A Study of the Relationship between APACHE II Scores and the Need for a Tracheostomy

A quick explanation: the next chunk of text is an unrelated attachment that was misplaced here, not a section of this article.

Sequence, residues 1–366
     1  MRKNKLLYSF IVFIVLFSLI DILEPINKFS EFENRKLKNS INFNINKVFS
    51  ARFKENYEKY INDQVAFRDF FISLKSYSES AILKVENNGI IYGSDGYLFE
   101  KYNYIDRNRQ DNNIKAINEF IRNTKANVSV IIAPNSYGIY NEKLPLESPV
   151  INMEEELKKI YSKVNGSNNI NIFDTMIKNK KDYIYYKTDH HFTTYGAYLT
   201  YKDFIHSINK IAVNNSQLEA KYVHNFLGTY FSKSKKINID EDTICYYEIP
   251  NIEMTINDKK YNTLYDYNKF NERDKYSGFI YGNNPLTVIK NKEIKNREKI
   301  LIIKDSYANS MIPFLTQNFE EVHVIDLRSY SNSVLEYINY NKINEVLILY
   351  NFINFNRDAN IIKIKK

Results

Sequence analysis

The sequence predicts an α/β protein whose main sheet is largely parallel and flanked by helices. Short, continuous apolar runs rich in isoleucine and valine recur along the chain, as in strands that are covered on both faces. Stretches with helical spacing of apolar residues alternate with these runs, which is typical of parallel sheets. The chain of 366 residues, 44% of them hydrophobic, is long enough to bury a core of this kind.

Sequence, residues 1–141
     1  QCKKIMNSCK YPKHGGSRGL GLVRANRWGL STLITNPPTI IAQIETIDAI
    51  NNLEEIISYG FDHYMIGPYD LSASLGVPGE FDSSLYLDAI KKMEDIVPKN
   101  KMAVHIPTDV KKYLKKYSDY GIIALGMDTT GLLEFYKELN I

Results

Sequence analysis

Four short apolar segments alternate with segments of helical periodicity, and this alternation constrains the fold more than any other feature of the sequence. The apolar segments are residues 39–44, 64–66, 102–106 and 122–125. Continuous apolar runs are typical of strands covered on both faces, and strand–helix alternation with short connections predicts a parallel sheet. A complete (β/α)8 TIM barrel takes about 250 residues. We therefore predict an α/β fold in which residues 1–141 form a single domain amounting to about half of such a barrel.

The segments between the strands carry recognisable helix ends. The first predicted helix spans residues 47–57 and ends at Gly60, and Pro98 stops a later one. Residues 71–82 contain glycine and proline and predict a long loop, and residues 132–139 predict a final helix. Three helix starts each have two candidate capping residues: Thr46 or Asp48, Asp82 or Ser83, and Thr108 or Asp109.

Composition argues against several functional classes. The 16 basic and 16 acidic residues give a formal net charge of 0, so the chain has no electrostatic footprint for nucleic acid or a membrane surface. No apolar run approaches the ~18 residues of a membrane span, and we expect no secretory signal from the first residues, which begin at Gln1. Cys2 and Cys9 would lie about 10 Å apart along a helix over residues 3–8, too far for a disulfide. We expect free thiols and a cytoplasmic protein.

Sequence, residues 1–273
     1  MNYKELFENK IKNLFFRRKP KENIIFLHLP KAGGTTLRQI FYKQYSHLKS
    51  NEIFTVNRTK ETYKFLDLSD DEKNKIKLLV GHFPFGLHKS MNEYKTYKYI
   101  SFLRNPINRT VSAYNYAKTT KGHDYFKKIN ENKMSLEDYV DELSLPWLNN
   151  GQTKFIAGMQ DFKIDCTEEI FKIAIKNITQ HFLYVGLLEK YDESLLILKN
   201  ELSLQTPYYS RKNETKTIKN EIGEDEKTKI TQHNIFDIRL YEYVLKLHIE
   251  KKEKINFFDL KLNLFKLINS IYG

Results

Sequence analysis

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The purpose of this research was to determine if significant differences exist between the APACHE II scores of intubated mechanically ventilated patients who ultimately received a tracheostomy and those who did not. In addition to this inquiry, the study also investigated the possibility of a range of APACHE II scores, a particular age group, and the presence of chronic organ insufficiencies and their relationship to the tracheostomy result. Methodology was non-experimental, quantitative, and retrospective. It was observational in that the goal was to simply record and quantify the potential association between these variables. Data was obtained from patients at Bristol Regional Medical Center from January 1- August 31, 2011. Information was calculated using descriptive statistics and the t-test for independent samples. Participants included all intubated mechanically ventilated patients who were at least eighteen years of age with a documented APACHE II score in the allotted time frame. There were 468 total patients, 79 (16.9%) of which received a tracheostomy. The mean APACHE II score for patients who received a tracheostomy was 21.8354 as compared to the mean APACHE II score of 21.6735 for those who were extubated. There was no significant difference between the APACHE II scores of these groups. The tracheostomy group had the highest frequency of patients with APACHE II scores of less than 25 and a range of 20-29. 84.8% of tracheostomy patients had some form of chronic organ dysfunction. Respiratory failure was the most frequent admitting diagnosis for all 468 patients and respiratory insufficiency was the most prevalent co-morbidity for the tracheostomy patients. The age range that included more tracheostomy patients was 65-74. 40% of re-intubated patients eventually received a tracheostomy and 69.6% of tracheostomy patients had the procedure performed early (within the first seven days of intubation). The managerial team of this respiratory therapy department decided to stop calculating the APACHE II score on all intubated patients in an attempt to save time and staff resources.